“In March 2019, a disruption of 911 services affecting customers around Mondovi was reported and resolved within a day,” he said. “In the unlikely event of these occurrences, Frontier has a team of 911 services specialists who respond immediately, communicate with appropriate agencies and work round-the-clock until the issue is resolved.”

Less regulation

Those who track the telecommunications industry say Frontier’s problems largely stem from the industry’s push beginning about 20 years ago to, as UW-Madison professor emeritus and telecommunications expert Barry Orton put it, “hollow out the regulation state by state.”

A 2011 Wisconsin law essentially stripped the state’s PSC of its powers to investigate telecom providers and force them to make changes.

Now providers “don’t have to maintain (phone lines),” Orton said. “They don’t have to maintain a system checking that they work.”

Christopher Mitchell of the Washington, D.C.-based Institute for Local Self-Reliance said that access to 911 in rural areas of the country today is “absolutely” worse than it was 15 or 20 years ago.

“And it could get a lot worse,” he said.

The thinking among deregulation backers has been that fewer rules and less oversight would spur more investment and competition in a fast-changing industry, including as people moved away from a reliance on landlines and toward cellphones.

But the hilly topography in some rural areas of the state interferes with cell phone signals, and in areas such as Mondovi (population 2,600) and Buffalo County (population 13,000), there is often not the population density to ensure that if companies invest in wired and wireless infrastructure there will be enough consumers using them to make the companies’ investments profitable.

Mitchell said policymakers “did not do their due diligence” to ensure cellphone coverage was as ubiquitous as telecommunications companies had led them to believe. “There are places in the state that will never have adequate cellphone” coverage, Orton said.

The head of the state telecom industry’s lobbying group, the Wisconsin State Telecommunications Association, said deregulation was about “leveling the playing field” between traditional landline phone providers and cable and other companies seeking to provide voice and video products.

WSTA executive director Bill Esbeck also contended that a more open market will ultimately lead to better services at a lower cost but acknowledged that providing service in rural areas can be financially difficult for companies. “There is no magic bullet that will solve the issue,” he said.

It’s hard to know to what extent other companies providing service in rural areas are encountering the same problems; Orton said that since deregulation, fewer entities are collecting such information. Mitchell has been tracking Frontier’s financial and service woes since at least 2015, and called it “the worst of a small group of similar companies.”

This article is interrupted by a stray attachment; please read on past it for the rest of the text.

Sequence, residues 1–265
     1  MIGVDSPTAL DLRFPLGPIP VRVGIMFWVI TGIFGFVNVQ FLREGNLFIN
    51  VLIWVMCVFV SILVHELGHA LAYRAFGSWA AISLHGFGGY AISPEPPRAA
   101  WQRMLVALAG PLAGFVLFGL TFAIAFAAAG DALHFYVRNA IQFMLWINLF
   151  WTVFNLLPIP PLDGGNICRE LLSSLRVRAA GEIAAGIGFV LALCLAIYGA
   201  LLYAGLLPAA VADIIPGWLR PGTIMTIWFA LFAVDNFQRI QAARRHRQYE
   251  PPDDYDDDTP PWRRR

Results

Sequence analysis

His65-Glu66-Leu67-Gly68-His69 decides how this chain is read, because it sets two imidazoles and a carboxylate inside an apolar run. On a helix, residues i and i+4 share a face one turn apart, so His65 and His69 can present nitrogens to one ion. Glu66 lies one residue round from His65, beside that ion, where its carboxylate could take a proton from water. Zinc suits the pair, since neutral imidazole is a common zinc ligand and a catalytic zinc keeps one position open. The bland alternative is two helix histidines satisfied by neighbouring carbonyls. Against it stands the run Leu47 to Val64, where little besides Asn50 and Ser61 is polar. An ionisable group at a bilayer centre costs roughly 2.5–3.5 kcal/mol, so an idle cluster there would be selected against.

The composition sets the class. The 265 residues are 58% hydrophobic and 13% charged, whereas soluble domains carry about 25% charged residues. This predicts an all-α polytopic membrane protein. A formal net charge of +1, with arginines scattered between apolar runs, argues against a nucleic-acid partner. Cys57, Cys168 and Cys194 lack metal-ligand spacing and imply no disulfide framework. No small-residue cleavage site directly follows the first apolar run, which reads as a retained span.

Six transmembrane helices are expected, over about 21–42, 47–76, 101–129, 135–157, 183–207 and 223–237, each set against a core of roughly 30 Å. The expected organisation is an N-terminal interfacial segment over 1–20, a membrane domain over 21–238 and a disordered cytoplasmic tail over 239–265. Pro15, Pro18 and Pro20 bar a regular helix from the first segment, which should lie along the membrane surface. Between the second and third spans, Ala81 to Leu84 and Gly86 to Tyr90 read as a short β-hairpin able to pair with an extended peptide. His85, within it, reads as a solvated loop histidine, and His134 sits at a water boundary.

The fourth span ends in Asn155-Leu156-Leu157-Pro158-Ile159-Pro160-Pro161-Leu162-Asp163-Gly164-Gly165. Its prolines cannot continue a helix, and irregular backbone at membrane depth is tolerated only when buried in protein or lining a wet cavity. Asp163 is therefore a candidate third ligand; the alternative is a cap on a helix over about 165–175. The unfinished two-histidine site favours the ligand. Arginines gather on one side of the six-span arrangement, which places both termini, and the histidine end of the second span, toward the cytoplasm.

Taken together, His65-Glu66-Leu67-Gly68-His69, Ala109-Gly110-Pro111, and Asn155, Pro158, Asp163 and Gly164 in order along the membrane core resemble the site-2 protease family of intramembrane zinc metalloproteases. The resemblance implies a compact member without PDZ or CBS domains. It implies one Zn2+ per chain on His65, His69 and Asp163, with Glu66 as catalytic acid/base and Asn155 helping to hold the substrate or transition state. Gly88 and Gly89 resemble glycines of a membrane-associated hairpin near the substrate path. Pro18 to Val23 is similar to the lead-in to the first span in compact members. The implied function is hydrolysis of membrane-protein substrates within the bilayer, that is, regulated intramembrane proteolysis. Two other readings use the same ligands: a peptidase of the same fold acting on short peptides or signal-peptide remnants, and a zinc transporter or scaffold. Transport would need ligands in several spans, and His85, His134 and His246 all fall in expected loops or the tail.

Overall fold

Esbeck predicted Frontier’s bankruptcy, if it happens, will ultimately allow the company to make the changes it needs to make to improve reliability.

“I expect that situation to become significantly better in the near future,” he said.

Co-ops could help

Mitchell said one possible way to provide better 911 service in rural areas is through smaller, regional telecommunications cooperatives that make investments in infrastructure based on longer-term projections of a community’s growth, not on providing short-term profits to shareholders.

Esbeck similarly lauded investments made by small providers “woven into their communities” in Wisconsin, although he couldn’t say how much of Wisconsin’s market such companies currently serve.

Orton advocated consumers talking to lawmakers about the need to move away from a deregulation mindset.

“They have to say, ‘You have to reverse this stuff,’” he said.

Democratic State Sen. Jeff Smith, whose district includes Mondovi and who was at the Dec. 20 meeting, said he “was as taken aback as anybody to hear the stories” about problems connecting to 911.

He said he’s offering a bill that could make it easier for companies to lay new fiber optic lines or other communications equipment in public right-of-ways, but that there’s not much appetite for re-regulating phone service in the Republican-controlled Legislature.

Republican state Rep. Treig Pronschinske, of Mondovi, did not respond to requests for comment.

“Technologically, we can do whatever we want,” Mitchell said. “The question is, what can we require these companies to do? ... What do our elected officials require of the service and it being available all the time?”


©2020 The Wisconsin State Journal (Madison, Wis.)